Friday, June 8, 2007

Moyers: Old but Good

It must be the way he asks questions. Because at first glance, he's not much to look at. A well-educated, privileged white man who doesn't take it for granted.

He seems to take a natural curiousity about everything, even with guests who's views he finds repugnant, as recently happened with a libertarian writer. He treats them relatively the same, with dignity, with respect, ared with information but itching for a conversation, not a fight.

I remember first reading Bill Moyers, not watching him. My advisor for the extended essay requirement of the International Baccaulaureate Diploma recommended "The Power of Myth", Moyers' iconic interviews with mythology professor Joseph Campbell. I was more interested in Campbell at the time, and quoted him in my my final thesis.

I met Moyers again, 4 years later, in a journalism class. The professor, while not a great instructor, had the foresight to make us watch part of "The Public Interest" series, another iconic Moyers work. In the presence of the ruthless, Republican strategist, Michael Devers, Moyers exuded his trademark calm and respect, which is why I suppose, so many admire him. He confronted the beast, continues to confront the beasts, as well as the better angels of our nature.

so it must be in the questions, but it's also his eye for a good story. And people make good stories: villains, underdogs, heroes, philosophers, powerbrokers, you and me. He connects them, and us with the contempoary issues of our day: corruption, patriotism, civic duty, honor, redemption, falls from grace. He takes on meta issues, such as the recent documentary on how the American press covered the lead up to the war in Iraq.

Bill Moyers is an anomaly in the white noise of talk radio, network sitcomes and inane local news. He's high brow journalism at a time when the educational and civic ability of Americans is at an all time low ( look at the number of Americans registered to vote - and then look at the even more depressing figure of those registered to vote who don't make it to the polls.) It begs the question of whether Moyers is doing a service by remaining above the fray, or limiting his audience by remaining (and forgive me, Bill, because I love you) old-fashioned.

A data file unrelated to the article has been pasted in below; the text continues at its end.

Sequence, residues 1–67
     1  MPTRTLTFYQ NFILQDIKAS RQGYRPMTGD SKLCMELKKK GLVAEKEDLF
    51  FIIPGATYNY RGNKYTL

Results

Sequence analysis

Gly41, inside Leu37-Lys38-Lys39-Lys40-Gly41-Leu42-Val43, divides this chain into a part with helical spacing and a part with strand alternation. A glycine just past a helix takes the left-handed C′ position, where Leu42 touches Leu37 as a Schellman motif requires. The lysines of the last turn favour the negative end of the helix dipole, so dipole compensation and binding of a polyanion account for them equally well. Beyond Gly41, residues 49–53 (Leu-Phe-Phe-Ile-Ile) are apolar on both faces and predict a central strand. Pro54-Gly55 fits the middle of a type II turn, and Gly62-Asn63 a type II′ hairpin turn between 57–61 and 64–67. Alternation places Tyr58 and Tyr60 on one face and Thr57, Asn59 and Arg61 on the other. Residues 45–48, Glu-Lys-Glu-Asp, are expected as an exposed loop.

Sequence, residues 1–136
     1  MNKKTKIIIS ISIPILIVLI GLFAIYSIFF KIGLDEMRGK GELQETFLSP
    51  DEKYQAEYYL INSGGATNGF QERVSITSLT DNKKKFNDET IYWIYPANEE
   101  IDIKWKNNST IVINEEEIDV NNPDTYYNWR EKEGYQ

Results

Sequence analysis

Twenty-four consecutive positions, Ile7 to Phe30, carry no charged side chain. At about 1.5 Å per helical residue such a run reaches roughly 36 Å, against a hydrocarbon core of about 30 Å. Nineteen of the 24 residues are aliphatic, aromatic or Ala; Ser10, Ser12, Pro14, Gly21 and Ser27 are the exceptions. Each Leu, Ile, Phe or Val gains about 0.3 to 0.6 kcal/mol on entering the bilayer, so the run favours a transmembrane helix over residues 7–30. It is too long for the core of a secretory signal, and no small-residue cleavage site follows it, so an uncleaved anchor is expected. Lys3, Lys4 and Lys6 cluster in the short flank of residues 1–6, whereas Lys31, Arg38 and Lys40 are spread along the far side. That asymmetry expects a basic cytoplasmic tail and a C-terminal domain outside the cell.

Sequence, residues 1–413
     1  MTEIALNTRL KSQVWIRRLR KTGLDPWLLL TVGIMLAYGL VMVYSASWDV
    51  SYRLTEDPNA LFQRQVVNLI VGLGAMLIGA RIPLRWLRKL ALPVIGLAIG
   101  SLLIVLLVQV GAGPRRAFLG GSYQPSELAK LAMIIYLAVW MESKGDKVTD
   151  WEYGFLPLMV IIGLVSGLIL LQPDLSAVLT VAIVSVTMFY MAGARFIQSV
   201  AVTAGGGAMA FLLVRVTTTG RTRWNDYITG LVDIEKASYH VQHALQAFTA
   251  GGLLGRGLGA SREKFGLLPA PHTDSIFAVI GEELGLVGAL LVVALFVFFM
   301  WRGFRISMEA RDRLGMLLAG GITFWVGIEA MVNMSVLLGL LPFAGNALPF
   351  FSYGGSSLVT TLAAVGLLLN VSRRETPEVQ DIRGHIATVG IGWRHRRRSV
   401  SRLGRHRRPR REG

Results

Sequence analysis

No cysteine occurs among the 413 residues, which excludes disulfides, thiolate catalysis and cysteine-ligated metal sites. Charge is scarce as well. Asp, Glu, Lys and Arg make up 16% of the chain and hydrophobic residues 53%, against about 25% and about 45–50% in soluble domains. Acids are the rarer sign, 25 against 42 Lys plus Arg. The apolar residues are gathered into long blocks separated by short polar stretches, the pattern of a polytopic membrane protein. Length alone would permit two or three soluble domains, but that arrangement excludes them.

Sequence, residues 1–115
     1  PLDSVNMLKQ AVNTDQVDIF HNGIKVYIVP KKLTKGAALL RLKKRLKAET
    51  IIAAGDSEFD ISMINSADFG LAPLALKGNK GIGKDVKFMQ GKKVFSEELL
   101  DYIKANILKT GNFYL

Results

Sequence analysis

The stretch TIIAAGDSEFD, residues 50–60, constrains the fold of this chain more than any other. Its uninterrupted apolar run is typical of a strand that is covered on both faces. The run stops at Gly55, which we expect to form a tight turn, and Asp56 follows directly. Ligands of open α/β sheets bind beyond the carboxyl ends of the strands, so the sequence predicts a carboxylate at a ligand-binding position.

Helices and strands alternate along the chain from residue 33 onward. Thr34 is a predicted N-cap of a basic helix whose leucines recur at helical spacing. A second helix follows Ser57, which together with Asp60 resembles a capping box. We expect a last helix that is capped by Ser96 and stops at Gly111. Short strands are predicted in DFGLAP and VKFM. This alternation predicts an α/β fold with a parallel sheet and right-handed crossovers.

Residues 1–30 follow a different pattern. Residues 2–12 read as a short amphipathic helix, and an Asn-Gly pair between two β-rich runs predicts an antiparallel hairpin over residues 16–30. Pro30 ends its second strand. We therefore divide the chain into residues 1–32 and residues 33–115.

Perhaps he would riposte with an avuncular chuckle, then a thoughtful response about how the American public can be trusted so long as it's supplied with the facts.

Or maybe he would say that public broadcasting is the last refuge for true independent journalism to take chances and he won't compromise.

Moyers is 73 this year, 2007. He was a child of World War II, cut his professional teeth in the Johnson administration and Vietnam, and turned to what was then a still noble calling, television journalism. But I fear Moyers abilities are lost on Gen Y and future generations. I fear he is an anachronism, and I fear that while he may be practicing the best journalism in the United States, he is limited by his understanding of how to reach my generation (I'm 29 at this writing). As devoted as I am to Moyers, not even I catch every show.

Who will remember this icon? Who will say "there but for the grace of God goes Bill Moyers?" I've spent the last 6 months at a Big 10 school, spending time in the campus newspaper newsroom, and a mention of Bill Moyers gets blank stares and a shrug. It's depressing to see Moyers' work go underrecognized, if not completely unrecognized. And I wonder how he will continue to fare with the expansion of the web.

But Moyers is the king of comebacks. He has repeatedly said he is retiring, then returns with a new series. He seems to prefer appearing alone, the center of gravity. His instincts are right on: we trust him to ask questions we want answers to, and we trust him to ask questions we never even thought of. Not many have that happy talent.

The future of Moyers: relegated to insomniac tv sets of the blue hairs? Or underground hero to young journalists?

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